I and ministerial colleagues have received representations on a number of issues, including enrolments and fees, from hon. and right hon. Members. We have also met with and received comments from the sector including principals and chief executives of colleges, other post-16 providers and from learners and representative organisations, including the Association of Colleges, the Local Government Association, the National Federation of Women's Institutes and the National Institute of Adult Continuing Education (NIACE).
We expect to have information available in the new year about the initial take-up of learning in 2005/06, and the Learning and Skills Council will publish this through a statistical first release in March 2006.
Bill Rammell: The Government's Skills Strategy, reaffirmed in the White Paper published on 22 March, sets clear priorities for public funding to support the drive to ensure that employers have the skills they need to be successful, and individuals have the skills they need to be employable and personally fulfilled. Funding for Further Education (FE) increased by 4.4 per cent. in 2005/06 Funding for non-vocational learning opportunities for adults, delivered mainly through local authority adult education services, has also increased. In 2004/05 we provided over £207 million to the Learning and Skills Council (LSC) in support of this learning. This has risen to £210 million in 2005/06.
This funding will enable colleges and other providers to deliver a wide range of learning opportunities to meet the needs of adults in local communities but those who are able to do so will need to pay higher fees in the future. I set out the Government's priorities for the learning and skills sector and the impact on funding in 200607 and 200708 on 21 October and full details can be found in 'Priorities for Success' on the LSC's website.
[holding answer 29 November 2005]: We aim to publish some illustrative regulations on the key provisions in the new year. We are aiming to publish papers describing our intentions in respect of the early years foundation stage and the registration requirements for the general childcare register so that the Childcare Bill Standing Committee has them available when it looks at the relevant provisions of the Bill. We will undertake a full consultation before regulations are finalised.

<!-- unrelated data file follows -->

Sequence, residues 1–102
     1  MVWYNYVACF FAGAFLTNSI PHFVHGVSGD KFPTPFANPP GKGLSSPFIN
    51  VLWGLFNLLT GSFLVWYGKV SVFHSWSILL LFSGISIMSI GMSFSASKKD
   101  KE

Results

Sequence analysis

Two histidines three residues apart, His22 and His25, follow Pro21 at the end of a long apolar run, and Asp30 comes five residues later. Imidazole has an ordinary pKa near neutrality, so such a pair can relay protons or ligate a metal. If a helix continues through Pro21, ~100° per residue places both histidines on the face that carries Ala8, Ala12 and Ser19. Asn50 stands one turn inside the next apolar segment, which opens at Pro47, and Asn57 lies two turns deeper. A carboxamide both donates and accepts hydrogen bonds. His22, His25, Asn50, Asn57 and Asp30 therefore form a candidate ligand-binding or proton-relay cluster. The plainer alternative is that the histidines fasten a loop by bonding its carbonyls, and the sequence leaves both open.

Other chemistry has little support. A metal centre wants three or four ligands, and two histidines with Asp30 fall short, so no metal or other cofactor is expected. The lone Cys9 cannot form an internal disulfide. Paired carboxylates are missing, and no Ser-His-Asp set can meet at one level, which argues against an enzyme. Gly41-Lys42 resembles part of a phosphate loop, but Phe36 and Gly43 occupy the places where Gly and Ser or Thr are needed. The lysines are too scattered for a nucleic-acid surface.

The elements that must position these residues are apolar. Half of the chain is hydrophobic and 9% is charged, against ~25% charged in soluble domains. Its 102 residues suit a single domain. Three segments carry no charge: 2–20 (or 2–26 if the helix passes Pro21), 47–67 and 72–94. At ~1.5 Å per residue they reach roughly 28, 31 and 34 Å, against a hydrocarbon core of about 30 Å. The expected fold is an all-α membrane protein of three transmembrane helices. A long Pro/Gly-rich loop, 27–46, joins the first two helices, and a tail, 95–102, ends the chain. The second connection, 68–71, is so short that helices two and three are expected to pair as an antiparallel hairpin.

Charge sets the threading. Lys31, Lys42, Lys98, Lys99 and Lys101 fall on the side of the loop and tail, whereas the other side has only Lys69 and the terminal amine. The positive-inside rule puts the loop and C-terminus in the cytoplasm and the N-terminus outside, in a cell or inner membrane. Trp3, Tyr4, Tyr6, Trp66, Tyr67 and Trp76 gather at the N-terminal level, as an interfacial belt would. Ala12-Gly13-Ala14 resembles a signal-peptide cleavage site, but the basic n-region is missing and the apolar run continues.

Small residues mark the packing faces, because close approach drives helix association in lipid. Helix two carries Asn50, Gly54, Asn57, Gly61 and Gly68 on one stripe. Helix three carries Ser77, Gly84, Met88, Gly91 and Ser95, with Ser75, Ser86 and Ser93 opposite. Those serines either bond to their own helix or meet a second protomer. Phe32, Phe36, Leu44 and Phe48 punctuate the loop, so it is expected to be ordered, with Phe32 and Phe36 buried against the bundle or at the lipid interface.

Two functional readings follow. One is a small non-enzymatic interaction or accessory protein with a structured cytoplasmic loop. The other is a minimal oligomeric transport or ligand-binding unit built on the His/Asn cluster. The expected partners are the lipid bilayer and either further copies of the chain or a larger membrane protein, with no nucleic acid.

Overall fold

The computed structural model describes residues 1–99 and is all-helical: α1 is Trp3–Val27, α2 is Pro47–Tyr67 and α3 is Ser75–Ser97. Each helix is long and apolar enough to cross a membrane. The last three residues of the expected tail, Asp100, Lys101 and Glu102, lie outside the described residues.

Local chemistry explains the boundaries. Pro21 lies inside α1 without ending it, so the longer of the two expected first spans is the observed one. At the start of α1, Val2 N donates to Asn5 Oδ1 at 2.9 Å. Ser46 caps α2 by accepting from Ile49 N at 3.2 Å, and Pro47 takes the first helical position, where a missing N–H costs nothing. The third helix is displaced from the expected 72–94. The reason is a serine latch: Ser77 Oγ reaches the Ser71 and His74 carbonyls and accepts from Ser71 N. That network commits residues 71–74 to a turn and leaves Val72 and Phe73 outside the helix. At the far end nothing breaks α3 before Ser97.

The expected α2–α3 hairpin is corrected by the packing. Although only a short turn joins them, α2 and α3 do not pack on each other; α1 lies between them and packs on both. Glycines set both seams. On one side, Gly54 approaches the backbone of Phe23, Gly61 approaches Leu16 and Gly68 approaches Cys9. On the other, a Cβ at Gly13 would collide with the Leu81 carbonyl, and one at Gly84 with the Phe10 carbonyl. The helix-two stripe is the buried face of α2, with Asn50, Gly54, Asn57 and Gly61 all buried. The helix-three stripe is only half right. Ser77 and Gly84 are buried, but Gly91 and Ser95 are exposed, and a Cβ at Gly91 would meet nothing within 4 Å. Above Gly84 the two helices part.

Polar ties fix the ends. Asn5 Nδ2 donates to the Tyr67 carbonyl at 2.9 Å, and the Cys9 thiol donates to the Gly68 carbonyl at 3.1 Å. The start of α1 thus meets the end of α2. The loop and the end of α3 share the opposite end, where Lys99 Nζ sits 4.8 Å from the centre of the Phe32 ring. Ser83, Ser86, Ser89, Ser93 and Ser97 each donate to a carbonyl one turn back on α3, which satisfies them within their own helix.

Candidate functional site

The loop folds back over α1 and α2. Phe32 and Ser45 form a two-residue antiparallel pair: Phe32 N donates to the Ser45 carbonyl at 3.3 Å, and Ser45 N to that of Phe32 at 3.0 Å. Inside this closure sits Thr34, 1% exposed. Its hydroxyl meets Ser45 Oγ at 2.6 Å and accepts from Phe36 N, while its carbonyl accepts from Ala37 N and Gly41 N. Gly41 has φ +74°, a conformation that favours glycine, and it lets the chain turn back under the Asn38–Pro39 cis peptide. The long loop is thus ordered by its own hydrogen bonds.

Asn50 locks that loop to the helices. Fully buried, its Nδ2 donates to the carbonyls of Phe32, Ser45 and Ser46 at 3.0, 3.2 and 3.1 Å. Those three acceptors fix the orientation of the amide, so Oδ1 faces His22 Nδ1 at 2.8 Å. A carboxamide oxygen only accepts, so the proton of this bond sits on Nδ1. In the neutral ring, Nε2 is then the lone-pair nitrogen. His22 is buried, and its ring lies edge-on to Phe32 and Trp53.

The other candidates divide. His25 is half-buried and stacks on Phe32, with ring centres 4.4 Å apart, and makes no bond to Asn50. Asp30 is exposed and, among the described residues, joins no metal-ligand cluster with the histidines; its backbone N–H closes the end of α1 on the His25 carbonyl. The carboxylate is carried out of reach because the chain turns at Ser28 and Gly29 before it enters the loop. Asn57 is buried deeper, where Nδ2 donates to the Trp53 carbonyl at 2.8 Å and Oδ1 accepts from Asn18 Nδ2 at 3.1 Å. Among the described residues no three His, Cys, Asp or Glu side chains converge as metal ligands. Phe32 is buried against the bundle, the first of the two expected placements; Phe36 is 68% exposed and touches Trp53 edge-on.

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Beverley Hughes: Section 12 of the Children Act 2004 gives the Secretary of State the power to make regulations to require the establishment and operation of an information sharing index or indexes. The purpose of an index is to improve early intervention by children's services to help children with additional needs. An index helps professionals to quickly identify the child they are working with and the services the child is receiving. This enables the professional to contact others working with the child, so they can then, where appropriate, share information to improve the provision of services for that child. An index would also enable quicker identification of children not receiving services they are entitled to such as education and primary health care.
In implementing any index approach, no information about any individual children would be published. The index would provide anonymised statistical information which might be used to assist with service planning and analysis at local and national level. Such information, when produced, would be publicly available, but we have no plans to produce or publish such information by a specific date.